Social Services’ approach to commissioning was very much top down. People were commissioning and running development projects with no development experience. They didn’t understand the difference between commissioning and directly managing; producing funding contracts so detailed that they specified hours, pay, targets – in one case even the job description. Their targets were inflexible and sometimes wildly inappropriate.

The Commissioning Manager “acted as if she were Joe’s line manager” in relation to the SUN project. She had no understanding of community development and saw SAfH’s role as the same as hers, concerned only with targets and funding. This led to clashes.

The Crunch

A new contract

There had always been talk of re-commissioning the SUN project, but SAfH thought there would be some consultation before this happened. Instead, in mid 2006 Social Services suddenly came up with a totally new contract, produced as part of a new user involvement strategy drawn up by a consultant.

To SAfH’s dismay, this gave primary emphasis to work on representing users to the statutory sector. The project would be mainly about persuading people to participate in user forums, with much less emphasis on development work. SAfH was emphatically against this, arguing that the two areas should be separated out. Otherwise the groups would mainly “feed the statutory sector machine” instead of working to their own agenda.

SAfH did want to continue with the development work, but not the other part. However, although Social Services recognised SAfH’s success and saw the need for continuity, they were not prepared to discuss any changes: they just wanted SAfH to put in a bid.

A tough decision for SAfH

SAfH were keen to continue working with the groups, and the contract would have guaranteed this for three years. But in the end they decided, reluctantly, that they had to refuse to tender. SAfH take a community development approach and didn’t want to work with people as ‘users’ or ‘clients’. The new user involvement model reflected in the contract completely contradicted their values as an independent organisation. If they took it on they would be firmly anchored to a statutory organisation with no understanding of community development.

The groups in the SUN were also unhappy. When the overall user involvement strategy had been presented to the steering group, they had found it impossible to understand and had not supported it. Although groups asked to see the SUN tender document and new contract in advance, this did not happen. They were outraged when the final tender and contract came out, and SAfH told them they would not be applying. Individual groups made representations to Social Services, but to no avail. To cap it all, the SUN was not allowed a representative on the interview panel – Social Services brought in a user representative from another borough instead.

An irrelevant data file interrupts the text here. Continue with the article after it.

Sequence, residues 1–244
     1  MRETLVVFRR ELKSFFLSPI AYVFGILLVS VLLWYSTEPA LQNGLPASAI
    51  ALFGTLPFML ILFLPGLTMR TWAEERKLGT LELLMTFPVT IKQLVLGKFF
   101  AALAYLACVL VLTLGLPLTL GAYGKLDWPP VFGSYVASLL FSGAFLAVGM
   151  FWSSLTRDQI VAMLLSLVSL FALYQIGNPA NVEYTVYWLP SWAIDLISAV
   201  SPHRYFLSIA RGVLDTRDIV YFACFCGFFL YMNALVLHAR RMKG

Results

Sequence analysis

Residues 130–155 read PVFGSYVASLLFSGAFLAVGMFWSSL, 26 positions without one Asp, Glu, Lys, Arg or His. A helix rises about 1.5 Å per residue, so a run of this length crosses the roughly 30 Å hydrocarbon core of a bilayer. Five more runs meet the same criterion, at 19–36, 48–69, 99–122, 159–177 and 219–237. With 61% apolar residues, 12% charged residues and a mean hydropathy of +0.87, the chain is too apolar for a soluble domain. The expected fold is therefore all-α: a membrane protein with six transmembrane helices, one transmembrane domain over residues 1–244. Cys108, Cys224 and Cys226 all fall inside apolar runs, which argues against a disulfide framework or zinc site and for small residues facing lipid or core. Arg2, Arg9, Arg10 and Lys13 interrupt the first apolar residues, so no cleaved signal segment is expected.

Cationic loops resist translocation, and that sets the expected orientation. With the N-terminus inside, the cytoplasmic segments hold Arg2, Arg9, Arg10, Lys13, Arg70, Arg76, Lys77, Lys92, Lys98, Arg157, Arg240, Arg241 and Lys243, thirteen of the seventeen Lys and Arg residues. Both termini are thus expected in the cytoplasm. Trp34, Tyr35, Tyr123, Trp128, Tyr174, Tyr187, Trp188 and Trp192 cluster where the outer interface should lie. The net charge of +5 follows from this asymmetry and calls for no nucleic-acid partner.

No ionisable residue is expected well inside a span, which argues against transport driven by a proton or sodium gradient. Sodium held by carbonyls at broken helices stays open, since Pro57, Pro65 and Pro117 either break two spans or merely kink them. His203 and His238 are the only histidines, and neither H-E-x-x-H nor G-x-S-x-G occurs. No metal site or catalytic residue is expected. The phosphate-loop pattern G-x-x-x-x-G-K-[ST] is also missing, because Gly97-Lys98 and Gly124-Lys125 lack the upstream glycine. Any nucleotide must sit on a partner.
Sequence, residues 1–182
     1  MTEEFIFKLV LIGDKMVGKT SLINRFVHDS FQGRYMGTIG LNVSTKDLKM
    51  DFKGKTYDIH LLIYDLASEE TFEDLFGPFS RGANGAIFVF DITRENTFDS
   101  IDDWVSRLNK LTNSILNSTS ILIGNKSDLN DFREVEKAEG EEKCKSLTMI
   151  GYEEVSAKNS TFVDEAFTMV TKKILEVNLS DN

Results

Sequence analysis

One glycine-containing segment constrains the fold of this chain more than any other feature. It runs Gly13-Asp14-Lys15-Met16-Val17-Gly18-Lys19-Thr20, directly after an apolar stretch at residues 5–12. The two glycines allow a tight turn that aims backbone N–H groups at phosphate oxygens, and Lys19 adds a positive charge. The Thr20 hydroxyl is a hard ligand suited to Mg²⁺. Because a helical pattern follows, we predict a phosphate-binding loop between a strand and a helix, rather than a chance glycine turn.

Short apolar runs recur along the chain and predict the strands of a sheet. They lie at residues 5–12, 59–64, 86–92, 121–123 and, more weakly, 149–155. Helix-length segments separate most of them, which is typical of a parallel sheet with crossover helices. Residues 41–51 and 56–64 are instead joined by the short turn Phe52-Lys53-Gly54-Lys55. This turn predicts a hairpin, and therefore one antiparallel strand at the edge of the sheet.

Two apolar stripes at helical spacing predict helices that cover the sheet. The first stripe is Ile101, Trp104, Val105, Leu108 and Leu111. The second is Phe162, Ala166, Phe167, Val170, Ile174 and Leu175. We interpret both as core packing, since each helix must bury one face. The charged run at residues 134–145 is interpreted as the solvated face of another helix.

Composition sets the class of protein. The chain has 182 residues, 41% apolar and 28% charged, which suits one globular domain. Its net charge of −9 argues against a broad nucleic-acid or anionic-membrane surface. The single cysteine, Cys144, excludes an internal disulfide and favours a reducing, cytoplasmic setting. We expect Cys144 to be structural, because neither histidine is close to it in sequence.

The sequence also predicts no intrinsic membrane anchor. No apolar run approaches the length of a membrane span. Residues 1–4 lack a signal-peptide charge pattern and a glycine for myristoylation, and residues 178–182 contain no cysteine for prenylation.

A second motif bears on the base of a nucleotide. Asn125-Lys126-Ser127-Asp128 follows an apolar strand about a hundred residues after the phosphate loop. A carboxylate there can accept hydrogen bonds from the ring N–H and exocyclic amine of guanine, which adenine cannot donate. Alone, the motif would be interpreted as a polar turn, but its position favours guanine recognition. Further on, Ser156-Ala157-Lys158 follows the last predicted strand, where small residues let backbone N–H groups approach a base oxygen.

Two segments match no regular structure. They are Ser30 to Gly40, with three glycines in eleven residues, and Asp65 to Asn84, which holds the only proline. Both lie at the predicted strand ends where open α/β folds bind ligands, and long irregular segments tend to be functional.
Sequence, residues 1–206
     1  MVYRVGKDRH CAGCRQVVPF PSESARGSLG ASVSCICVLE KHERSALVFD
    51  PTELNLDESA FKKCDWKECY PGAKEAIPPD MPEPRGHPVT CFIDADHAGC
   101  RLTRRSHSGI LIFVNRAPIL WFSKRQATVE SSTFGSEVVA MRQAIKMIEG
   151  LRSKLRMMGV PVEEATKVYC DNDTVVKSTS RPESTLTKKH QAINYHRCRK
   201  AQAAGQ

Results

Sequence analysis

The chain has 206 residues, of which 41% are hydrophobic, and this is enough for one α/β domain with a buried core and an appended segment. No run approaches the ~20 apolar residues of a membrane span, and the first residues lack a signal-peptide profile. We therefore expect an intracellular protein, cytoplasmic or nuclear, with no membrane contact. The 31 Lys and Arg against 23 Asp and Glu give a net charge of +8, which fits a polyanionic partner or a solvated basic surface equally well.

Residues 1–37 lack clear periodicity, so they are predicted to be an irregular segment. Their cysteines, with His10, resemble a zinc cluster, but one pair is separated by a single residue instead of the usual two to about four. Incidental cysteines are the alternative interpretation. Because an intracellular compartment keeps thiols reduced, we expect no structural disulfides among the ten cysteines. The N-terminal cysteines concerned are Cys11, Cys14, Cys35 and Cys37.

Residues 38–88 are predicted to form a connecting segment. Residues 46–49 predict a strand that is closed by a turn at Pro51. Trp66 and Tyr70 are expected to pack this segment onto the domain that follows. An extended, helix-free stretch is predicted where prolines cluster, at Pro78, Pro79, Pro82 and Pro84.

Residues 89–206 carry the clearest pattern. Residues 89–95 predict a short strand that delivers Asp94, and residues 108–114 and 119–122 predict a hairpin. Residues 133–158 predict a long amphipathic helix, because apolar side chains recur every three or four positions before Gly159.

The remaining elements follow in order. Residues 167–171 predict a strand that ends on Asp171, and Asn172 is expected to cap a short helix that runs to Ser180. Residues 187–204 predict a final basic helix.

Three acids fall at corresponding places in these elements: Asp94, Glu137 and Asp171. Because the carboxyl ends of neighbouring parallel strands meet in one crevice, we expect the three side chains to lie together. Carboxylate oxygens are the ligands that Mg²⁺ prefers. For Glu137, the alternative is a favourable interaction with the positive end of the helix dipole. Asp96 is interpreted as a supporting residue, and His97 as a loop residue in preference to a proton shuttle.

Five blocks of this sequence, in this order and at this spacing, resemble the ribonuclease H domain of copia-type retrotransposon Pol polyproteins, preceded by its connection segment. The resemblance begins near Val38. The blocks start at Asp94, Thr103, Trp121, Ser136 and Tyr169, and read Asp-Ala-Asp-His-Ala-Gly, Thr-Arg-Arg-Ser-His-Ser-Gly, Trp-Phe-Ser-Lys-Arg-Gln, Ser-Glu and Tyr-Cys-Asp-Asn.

Interestingly, once SAfH refused to tender, Social Services panicked and tried to persuade them to change their mind. They refused although Joe did stay on temporarily to ensure a smooth handover, for the sake of the SUN. An organisation from outside the borough got the contract – this in itself a reflection of the poor state of the voluntary sector in Tower Hamlets.

What are the consequences for SAfH and the SUN groups?

SAfH’s chances of future Social Services funding are obviously reduced but they are not unhappy about that. They were gradually winding down their Social Services contracts anyway, precisely because of the way the department operates as commissioner. SAfH are lucky – because of their diverse funding, refusing to bid in this way did not affect jobs.

But Joe and Elizabeth are concerned about what will happen to the SUN groups. If Joe could have carried on for, say, three more years, many would have progressed towards real independence from other host agencies – some were already achieving this. As it is, some are fragile and likely to lose their way.

SAfH will perhaps try and get funding to go on with some kind of work and they are in touch with some of the groups through other SAfH projects. Might there be an opportunity for groups to become social enterprises? SAfH’s long term dream would be to find a building for the groups where they would be genuinely independent.

The Lessons

Elizabeth and Joe identified some key lessons:

Community development and mental health

For SAfH, the experience has affirmed that a community development approach works in supporting people with mental health problems. The shift to this approach was very creative and dynamic for the groups in the SUN – importantly, it enabled the network to find out and work on ‘the people’s own agenda’. The work with SUN has provided a model which SAfH can build on in other projects.